Convertible preferred stock
Preferred stock that can be converted into the common stock of the issuing company. Like nonconvertible preferred stock, the convertible preferred stock is a class of the corporation’s capital stock; has a specified dividend rate that is usually declared quarterly and is cumulative (accumulates in arrears if the corporation does not make the payment); and has priority over common shares for dividend payments. Both convertible and nonconvertible preferred stock are considered to be perpetual, but in fact, both are callable. Call dates on convertible preferreds are specified in the prospectus at issuance.

A measure of the sensitivity of duration to changes in yield levels. Convexity is a measure of the stability or instability of the measured duration over a range of yields. If convexity is low, that is, if the price/yield relationship is close to a straight line, duration is stable. If convexity is high, duration is unstable. The greater an instrument’s convexity, the less accurate duration will be. See duration, effective duration, Macaulay duration and modified duration.

See certificate of participation.

Core deposits or core funding
(1) A bank's deposits that are the most stable.

(2) A bank's deposits under $100,000 each.

(3) Deposits that have an indefinite maturity, such as checking accounts, NOW accounts, money market deposit accounts, and savings accounts. See retail deposits.

Corporate settlement
The agreement of a buyer and seller to exchange the security and the payment on the third business day after the trade date. See regular way settlement and settlement.

The degree of relationship between two sets of data. A correlation near plus 1, called a positive correlation, indicates that changes in one set of data are closely related to changes in the other set and that the data sets change in the same direction. A correlation near minus 1, called negative correlation, indicates that changes in one set of data are closely related to changes in the other set and that the data sets change in the opposite direction. A correlation near zero indicates little or no relationship between the changes in the two sets of data.

Correlation VAR
Correlation VAR is a measure of a financial instrument’s, a portfolio of financial instruments,’ or an entity’s exposure to reductions in value resulting from changes in prevailing interest rates. Also called analytical VAR, correlation VAR is one of several different methods for calculating VAR. Analytical or correlation VAR compares the sensitivity of risk elements within a portfolio. The volatility of each component is then calculated using a standard matrix. This is the type of VAR calculated by popular models such as RiskMetrics. This is the least computationally insensitive of the three statistically based VAR measurements. However, this approach does not do a good job of reflecting option risk or of incorporating the risk of unlikely events. See empirical VAR, historical VAR and value at risk (VAR).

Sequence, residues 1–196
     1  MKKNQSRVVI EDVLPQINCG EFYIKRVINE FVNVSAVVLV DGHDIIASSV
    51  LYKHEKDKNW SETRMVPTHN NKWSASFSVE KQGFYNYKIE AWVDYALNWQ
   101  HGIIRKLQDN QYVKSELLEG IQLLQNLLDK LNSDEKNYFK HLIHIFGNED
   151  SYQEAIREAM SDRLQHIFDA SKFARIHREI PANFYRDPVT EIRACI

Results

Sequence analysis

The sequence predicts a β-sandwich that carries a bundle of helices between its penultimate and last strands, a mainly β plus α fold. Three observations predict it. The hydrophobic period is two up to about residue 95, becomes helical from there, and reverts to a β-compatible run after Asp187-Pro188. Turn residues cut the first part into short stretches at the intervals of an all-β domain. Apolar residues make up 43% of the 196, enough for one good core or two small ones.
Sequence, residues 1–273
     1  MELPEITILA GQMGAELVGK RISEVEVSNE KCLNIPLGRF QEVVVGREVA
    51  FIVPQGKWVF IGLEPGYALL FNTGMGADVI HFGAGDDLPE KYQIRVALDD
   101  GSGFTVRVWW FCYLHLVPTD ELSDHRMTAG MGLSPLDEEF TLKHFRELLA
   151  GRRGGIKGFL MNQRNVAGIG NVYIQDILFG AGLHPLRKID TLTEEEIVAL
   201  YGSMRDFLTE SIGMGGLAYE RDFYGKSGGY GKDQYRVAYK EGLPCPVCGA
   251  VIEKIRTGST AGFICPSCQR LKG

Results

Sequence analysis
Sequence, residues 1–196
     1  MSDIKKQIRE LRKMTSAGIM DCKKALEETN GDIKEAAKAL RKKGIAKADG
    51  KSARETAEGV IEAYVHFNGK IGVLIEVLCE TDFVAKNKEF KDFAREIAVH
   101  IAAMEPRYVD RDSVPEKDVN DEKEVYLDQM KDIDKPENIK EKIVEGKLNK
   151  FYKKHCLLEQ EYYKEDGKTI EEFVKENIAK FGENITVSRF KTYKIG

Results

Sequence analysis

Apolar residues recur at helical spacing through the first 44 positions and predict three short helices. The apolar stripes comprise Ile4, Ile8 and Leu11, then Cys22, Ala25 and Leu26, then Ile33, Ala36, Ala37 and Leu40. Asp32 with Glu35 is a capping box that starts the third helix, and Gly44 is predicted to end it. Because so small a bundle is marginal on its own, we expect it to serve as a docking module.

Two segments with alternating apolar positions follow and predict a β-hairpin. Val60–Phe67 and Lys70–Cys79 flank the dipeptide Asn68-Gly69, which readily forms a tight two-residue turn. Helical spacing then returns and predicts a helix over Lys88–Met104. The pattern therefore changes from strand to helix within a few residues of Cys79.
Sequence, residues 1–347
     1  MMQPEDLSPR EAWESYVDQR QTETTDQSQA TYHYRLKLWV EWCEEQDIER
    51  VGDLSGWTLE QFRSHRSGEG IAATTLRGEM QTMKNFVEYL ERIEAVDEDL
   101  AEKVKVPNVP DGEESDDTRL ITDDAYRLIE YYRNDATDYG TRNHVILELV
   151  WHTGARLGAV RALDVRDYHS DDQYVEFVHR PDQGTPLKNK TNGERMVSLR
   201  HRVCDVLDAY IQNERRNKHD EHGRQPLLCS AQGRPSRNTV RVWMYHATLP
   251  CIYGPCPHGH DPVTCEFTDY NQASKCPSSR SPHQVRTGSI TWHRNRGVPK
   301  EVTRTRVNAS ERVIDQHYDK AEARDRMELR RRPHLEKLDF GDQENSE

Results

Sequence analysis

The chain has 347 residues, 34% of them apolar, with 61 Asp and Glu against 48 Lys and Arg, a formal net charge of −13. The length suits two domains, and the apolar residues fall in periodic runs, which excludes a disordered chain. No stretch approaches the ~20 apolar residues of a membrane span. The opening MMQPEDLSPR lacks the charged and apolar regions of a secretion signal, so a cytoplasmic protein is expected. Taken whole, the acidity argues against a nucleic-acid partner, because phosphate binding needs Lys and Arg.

Correspondent bank
A bank that serves as a depository and provides banking services for another bank.

Cosigner, co-maker and co-obligor
Terms used to identify multiple parties who sign as borrowers for a loan.

(1) The Committee of Sponsoring Organizations of the Treadway Commission. Formed in 1985 by five U.S. professional organizations to sponsor the National Commission on Fraudulent Financial Reporting. This was an independent, private sector initiative. The committee developed recommendations used by financial auditors, the SEC and regulators.

(2) The name most commonly used to refer to guidelines for enterprise-wide risk management (ERM) called "Internal Control - Integrated Framework". These COSO guidelines now serve two purposes.

They are used by internal and external auditors to implement and evaluate a firm's financial controls. The 2002 Sarbanes-Oxley Act and similar legislation is a primary driver of this application.
Financial institutions are also using COSO guidelines for ERM in general but primarily for the identification and control of operations risk. The Basel II capital requirements and related rules issued by national banking regulators are a primary driver of this application.
See enterprise-wide risk management, operations risk and self-assessment.

Cost in excess of billing
An asset created under a type of accrual accounting used when firms such as contractors incur expenses in accounting periods that are repaid in subsequent accounting periods. This account is comprised of money spent by the contractor for things that will be billed to buyer at a future date.

Cost of carry
The cost of financing an asset. If the cost of carry is smaller than the interest received from the asset by the investor, the investor has a positive carry. Conversely, if the cost of carry is larger than the interest received from the asset by the investor, the investor has a negative carry.

Cost-of-funds index (COFI)
The weighted-average interest rate paid by savings institutions to obtain funds. There are national and regional cost-of-fund indexes. The most common is the 11th District Federal Home Loan Bank COFI. A specific COFI index may be used as a benchmark rate for a floating-rate security.

Cost of goods sold
Amount shown on a firm's income statement representing the direct expenses that the firm incurred for sales. Cost of goods sold is always a debit balance and is shown as either a deduction or a negative number.

Counter balancing capacity (CBC)
A term sometimes used to describe the quantity of funds that a financial institution can obtain to meet liquidity requirements. See forward cash exposure.